678 - La Justicia corporativa y la utilización del atentado a la AMIA - 15-01-15 (1 de 3) 16.01.2015:
678 - La Justicia corporativa y la utilización del atentado a la AMIA - 15-01-15 (2 de 3) 16.01.2015
This third one focuses more on the repercussions of the Paris terrorist attack on the Charlie Hebdo satirical paper, which is the context in which Nisman and the opposition are making their AMIA case accusations against Cristina: 678 - Las reflexiones del Papa y de Barenboim sobre el atentado en París - 15-01-15 (3 de 3) 16.01.2015
The commentators worry that Nisman's play in this case may be part of pressure supported by the United States. They don't claim to have any documented evidence for it. But because of assumed Iranian involvement in the case, it is a case in which the US has taken a significant interest. The Obama Administration has not been overtly hostile to Cristina's government. On the other hand, it's down near Venezuela on Washington's list of favorite Latin American governments.
In any case, Nisman's claim against Cristina seems preposterous.
Robert Parry has a recent article on American foreign policy trends in which he discusses the operative template for US-backed "regime change" (Neocons: The ‘Anti-Realists’ Consortium News 01/17/2015):
In those “regime change” cases, there is also a consensus on how to handle the targeted countries: start with “soft power” – from anti-regime propaganda to funding internal opposition groups to economic sanctions to political destabilization campaigns – and, then if operationally necessary and politically feasible, move to overt military interventions, applying America’s extraordinary military clout.Again, I don't see Argentina as the target of any kind of serious regime change operation, though I have no doubt that the US government, business lobbies with an interest in Argentina, Paul Singer and the "vulture funds" and probably both parties would prefer to have an Argentine government that was more responsive to American demands.
On the other hand, Cristina does seem to think that the pressure is more serious than just grumpy financial lobbyists: Argentina says will use anti-terror law against U.S. printing firm Reuters 08/14/2014; Daniel Merolla, US could topple my government, kill me: Argentina's Kirchner AFP 10/01/2014)
The Buenos Aires Herald reports in Ex Interpol head Roland Noble: What prosecutor Nisman says is false 01/18/2015:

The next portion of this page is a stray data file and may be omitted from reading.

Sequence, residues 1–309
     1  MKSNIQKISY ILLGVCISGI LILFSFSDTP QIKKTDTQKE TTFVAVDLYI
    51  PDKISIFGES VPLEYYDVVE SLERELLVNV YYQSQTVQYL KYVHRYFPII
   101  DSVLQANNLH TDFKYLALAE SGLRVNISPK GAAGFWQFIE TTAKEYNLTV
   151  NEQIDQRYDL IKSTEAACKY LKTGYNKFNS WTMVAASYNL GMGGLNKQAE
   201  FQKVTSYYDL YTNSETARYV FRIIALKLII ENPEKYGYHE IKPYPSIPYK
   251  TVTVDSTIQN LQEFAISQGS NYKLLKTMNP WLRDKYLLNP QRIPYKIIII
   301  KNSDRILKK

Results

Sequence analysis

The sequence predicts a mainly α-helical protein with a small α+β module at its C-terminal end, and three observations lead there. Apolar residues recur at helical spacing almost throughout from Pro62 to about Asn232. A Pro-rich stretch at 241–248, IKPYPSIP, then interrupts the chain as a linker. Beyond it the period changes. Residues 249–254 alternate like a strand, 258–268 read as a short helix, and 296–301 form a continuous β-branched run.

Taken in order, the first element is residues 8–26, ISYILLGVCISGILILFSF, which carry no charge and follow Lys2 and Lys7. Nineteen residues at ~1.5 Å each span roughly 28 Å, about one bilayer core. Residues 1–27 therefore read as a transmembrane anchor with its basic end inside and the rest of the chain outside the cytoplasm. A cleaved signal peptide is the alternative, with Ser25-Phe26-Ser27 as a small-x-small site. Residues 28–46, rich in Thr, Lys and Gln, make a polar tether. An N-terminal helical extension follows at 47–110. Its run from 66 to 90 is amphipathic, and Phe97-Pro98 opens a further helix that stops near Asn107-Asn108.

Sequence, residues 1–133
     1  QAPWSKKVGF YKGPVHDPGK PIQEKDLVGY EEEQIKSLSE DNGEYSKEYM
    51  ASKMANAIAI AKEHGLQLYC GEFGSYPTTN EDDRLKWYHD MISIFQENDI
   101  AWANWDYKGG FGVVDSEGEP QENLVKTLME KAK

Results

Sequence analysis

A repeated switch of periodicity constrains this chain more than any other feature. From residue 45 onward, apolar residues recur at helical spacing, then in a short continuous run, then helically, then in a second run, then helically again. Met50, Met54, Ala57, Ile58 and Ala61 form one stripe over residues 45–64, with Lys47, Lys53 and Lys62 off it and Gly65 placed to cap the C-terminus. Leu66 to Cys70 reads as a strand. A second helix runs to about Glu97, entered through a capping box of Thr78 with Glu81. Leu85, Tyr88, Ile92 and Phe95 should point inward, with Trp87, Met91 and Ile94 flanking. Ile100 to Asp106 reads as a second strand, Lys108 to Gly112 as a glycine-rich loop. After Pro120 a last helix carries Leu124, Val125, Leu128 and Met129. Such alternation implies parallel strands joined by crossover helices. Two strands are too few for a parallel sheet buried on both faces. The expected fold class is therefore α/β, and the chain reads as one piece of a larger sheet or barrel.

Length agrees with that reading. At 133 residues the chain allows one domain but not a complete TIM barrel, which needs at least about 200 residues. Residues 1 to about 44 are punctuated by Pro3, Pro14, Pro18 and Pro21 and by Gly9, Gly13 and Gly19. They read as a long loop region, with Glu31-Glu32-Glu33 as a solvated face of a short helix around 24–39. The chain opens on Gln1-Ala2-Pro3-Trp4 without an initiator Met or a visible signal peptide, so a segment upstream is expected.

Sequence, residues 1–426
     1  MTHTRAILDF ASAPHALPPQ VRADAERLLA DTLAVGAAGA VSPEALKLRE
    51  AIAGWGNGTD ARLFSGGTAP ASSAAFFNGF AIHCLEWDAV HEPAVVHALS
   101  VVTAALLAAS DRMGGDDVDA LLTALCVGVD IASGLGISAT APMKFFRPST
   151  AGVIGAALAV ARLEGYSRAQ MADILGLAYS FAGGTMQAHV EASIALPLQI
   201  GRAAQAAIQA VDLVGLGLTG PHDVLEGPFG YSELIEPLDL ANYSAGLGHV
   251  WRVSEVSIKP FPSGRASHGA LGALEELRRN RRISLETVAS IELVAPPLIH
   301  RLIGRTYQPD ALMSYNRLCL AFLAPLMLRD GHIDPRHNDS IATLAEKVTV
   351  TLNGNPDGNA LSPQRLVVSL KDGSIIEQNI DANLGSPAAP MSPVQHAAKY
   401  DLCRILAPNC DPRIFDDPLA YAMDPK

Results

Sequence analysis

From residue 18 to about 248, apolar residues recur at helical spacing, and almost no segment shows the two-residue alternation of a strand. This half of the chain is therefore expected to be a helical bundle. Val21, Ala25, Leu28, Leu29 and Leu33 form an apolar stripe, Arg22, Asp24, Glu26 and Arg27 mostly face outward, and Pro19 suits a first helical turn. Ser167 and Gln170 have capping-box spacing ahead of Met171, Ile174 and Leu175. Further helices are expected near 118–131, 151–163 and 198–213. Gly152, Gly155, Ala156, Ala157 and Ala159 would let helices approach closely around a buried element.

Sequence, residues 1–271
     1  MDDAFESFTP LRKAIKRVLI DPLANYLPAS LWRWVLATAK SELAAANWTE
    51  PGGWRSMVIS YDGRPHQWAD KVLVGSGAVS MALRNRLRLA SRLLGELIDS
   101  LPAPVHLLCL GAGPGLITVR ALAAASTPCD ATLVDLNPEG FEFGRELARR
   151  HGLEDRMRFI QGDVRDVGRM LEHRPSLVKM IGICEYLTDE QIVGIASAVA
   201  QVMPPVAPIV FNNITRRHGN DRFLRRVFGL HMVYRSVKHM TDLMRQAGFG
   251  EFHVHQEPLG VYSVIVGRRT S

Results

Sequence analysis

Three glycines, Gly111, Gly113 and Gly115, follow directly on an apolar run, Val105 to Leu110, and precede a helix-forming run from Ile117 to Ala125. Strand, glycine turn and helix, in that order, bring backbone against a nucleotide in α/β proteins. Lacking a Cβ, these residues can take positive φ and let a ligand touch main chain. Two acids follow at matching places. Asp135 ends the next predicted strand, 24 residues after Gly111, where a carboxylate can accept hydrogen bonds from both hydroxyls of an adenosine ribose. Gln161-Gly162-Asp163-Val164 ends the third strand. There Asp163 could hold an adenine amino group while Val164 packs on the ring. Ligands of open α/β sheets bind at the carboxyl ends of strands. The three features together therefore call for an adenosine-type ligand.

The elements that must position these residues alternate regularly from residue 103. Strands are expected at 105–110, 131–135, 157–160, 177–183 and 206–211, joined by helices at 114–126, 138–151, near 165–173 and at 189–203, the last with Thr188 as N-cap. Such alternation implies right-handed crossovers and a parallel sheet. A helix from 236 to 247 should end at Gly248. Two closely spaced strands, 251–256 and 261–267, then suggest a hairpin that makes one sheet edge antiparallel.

Former Secretary General of the Interpol Roland Noble said special prosecutor Alberto Nisman’s accusations against Cristina Fernández de Kirchner’s administration over the 1994 AMIA Jewish centre bombing are “false” and he confirmed that “no member of the Argentine government” has ever asked Interpol to revoke the Red Notices against Iranian officials, as Nisman denounced.In Kirchnerites want Nisman to show evidence, the Herald reports:
“What prosecutor (Alberto) Nisman says is false. No member of the Argentine government has ever asked us to revoke the Red Notices against the Iranian officials,” Noble said, categorically, to Pagina/12 newspaper.
Kirchnerites will insist tomorrow in Congress that special prosecutor Alberto Nisman lacks evidence to charge President Cristina Fernández de Kirchner with the coverup of the AMIA Jewish community centre bombing that killed 85 people in 1994.
For his part, Nisman — the prosecutor appointed ten years ago by the president’s late husband, Néstor Kirchner — revealed to some opposition media that he will appear at the hearing summoned by PRO lawmaker Patricia Bullrich, who heads the Criminal Legislation Committee, with more documents to back his allegations.
Fernández de Kirchner’s Chief-of-Staff Aníbal Fernández yesterday reactivated his defence of the president, who on Wednesday was accused of having ordered to negotiate impunity for the Iranian suspects in the AMIA attack in order to fuel trade relations with Tehran. According to Nisman, Argentina needed oil and wanted to sponsor the grain exports to the Persian country. Former Foreign minister Jorge Taiana yesterday revealed that it was Iran that wanted to stop the commercial exchange with Argentina when the country issued the arrest warrants against eight Iranian officials — who were reportedly implicated in the worst-ever terrorist attack the country suffered.
Fernández repeated that the accusations against the president were “ridiculous” but he preferred not to mention the situation of Luis D’Elía, a former Kirchnerite official who was forced to step down in 2006 after defending Iran in the AMIA case. It was then when Federal Judge Rodolfo Canicoba Co-rral defined the AMIA attack as a crime against humanity and ordered to arrest eight Iranian suspects and a Libanese one.